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Legal Perspectives

Legal Experts: SRO Charged with Neglect in Parkland Massacre Has Strong Defense

"There's no crime called refusing to die while a mass murderer is in your school," said Eugene O'Donnell, a former New York City police officer and prosecutor.

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Your Skin is in the Game

When policymakers implement ridiculous rules that get people hurt, LEOs are the ones who have to deal with the consequences.

Who Really Should Take De-Escalation Training?

It’s not the police, it’s the public who are ignorant of the law and need additional civil rights and civil responsibility education.

Vehicle Searches: Incident to Arrest

After Apr. 19, officers and agencies could incur liability for vehicle searches incident to arrest that do not fall within the Gant guidelines.

Updating Weapons Frisks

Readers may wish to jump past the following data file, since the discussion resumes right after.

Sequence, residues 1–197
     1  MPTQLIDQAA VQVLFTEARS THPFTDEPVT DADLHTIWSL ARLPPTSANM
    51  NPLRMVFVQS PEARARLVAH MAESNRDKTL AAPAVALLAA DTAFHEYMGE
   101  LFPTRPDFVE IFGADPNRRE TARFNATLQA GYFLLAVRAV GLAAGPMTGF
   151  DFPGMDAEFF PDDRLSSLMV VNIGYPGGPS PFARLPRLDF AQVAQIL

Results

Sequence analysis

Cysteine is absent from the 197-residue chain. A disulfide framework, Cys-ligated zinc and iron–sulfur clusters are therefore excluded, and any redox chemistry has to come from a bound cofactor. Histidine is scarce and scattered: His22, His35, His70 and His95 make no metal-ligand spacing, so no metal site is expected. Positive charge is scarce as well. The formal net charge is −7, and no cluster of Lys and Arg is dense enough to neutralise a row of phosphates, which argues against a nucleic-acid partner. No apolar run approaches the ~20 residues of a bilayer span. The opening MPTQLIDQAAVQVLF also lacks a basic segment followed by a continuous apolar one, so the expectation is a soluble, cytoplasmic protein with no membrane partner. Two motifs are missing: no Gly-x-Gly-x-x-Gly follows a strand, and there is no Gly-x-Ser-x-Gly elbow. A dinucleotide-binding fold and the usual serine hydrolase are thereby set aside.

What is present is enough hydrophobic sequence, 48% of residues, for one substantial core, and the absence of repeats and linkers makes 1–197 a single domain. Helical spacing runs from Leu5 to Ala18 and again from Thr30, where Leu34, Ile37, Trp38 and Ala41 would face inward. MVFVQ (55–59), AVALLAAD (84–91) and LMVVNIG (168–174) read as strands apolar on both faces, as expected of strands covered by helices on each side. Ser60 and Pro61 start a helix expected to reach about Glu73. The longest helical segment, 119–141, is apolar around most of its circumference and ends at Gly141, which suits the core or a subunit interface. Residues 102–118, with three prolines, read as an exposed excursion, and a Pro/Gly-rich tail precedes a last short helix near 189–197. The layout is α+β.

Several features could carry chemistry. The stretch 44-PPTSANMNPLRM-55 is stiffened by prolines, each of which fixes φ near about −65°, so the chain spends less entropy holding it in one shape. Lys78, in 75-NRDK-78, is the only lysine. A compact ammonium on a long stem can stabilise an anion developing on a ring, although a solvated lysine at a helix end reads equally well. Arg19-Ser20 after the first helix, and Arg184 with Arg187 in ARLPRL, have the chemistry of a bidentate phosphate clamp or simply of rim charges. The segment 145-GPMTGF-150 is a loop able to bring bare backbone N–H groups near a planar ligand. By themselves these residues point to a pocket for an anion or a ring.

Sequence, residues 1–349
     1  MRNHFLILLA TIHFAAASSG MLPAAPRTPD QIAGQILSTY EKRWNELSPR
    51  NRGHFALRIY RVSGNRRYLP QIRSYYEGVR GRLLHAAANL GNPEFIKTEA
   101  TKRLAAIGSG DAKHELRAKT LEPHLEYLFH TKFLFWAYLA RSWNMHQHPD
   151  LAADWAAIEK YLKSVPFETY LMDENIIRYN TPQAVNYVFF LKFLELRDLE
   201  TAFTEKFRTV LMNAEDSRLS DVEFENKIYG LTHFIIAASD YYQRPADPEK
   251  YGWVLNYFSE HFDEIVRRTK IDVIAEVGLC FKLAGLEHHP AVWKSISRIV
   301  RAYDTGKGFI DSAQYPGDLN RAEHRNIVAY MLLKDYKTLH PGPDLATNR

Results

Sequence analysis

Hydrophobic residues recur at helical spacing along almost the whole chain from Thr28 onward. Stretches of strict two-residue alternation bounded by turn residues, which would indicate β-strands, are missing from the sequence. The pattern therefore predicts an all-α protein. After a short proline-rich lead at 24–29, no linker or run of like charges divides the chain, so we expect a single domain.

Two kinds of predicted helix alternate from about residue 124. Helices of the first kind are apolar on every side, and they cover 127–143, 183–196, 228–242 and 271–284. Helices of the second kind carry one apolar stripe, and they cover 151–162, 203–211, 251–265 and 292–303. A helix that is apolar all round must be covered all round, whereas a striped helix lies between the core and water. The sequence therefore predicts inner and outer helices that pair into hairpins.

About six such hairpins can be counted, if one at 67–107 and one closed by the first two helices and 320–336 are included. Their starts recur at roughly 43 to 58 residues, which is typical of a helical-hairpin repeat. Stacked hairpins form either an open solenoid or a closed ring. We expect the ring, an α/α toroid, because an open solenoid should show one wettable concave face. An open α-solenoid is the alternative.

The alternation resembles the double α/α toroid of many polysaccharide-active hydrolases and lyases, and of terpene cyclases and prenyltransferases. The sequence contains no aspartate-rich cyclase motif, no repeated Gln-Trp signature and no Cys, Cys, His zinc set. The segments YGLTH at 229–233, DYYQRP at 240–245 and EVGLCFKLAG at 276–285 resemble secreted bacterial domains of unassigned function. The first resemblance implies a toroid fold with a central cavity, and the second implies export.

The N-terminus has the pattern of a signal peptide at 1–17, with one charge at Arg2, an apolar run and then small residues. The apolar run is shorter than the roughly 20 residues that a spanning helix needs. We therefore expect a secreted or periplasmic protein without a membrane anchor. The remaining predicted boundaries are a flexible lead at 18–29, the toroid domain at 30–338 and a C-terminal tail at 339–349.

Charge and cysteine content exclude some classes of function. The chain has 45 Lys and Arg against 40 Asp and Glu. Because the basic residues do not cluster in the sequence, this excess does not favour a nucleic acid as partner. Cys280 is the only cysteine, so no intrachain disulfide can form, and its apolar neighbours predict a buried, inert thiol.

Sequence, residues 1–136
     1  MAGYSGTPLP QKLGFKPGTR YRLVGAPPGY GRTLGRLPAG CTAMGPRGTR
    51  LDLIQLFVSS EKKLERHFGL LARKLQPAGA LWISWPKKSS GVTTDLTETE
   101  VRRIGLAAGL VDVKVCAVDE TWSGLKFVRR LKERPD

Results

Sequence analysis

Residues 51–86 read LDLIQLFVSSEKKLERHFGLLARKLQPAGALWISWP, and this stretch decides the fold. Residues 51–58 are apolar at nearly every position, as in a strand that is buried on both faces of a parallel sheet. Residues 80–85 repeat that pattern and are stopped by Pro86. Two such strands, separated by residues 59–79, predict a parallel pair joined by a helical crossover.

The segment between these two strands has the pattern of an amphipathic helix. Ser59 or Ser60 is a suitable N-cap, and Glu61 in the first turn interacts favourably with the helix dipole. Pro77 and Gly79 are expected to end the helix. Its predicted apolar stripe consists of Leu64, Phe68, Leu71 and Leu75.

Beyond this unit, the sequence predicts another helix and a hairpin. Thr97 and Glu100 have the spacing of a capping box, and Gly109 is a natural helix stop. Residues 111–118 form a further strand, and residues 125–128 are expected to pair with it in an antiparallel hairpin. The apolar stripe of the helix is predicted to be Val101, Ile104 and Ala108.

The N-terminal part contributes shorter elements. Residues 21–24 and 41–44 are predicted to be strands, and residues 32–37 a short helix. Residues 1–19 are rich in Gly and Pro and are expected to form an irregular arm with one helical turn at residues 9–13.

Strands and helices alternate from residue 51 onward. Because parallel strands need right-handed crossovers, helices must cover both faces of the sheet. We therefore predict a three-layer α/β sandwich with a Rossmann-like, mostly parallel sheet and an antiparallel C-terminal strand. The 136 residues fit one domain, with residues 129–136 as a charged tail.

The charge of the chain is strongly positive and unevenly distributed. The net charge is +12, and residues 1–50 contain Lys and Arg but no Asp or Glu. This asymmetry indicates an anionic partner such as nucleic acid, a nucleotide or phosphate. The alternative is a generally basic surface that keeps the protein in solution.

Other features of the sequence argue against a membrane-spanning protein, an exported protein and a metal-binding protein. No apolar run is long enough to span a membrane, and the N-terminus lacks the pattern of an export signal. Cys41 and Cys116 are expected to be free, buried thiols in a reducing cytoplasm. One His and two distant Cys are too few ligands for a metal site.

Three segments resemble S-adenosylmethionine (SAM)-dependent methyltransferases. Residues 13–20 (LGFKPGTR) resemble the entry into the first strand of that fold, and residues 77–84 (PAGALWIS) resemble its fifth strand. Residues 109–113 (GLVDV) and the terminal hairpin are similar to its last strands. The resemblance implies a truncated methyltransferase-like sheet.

Although it's common to see the term "stop and frisk," it's possible that there might be justification for a stop, but not for a frisk.

Official Misinformation

What the exclusionary rule has actually meant in practice is that thousands (maybe millions) of criminals have been able to stop the prosecution from using critical evidence of their guilt to hold them accountable for their crimes.

Keeping up with Case Law

Much of what I learned in basic academy in the late 1960s is no longer good law. If I were still operating on the basis of 40-year-old understandings, I wouldn't be very effective.

Entrapment

"The first duties of the officers of the law are to prevent, not to punish crime. It is not their duty to incite to and create crime for the sole purpose of prosecuting and punishing it." — U.S. Supreme Court, Sorrells v. U.S.

How to Tell When You Need a Search Warrant

The general rule-of-thumb is to try to get a warrant whenever possible. On the other hand, if you can seize evidence without engaging in a search, you don't need either a warrant or any exception.

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Residential Entry After Outdoors Arrest

There are four ways to make a lawful entry into a private home. Notice that "entry incident to outdoors arrest" is not on the list of lawful ways to get inside a residence. In three separate cases, the U.S. Supreme Court has held such entries to be unconstitutional.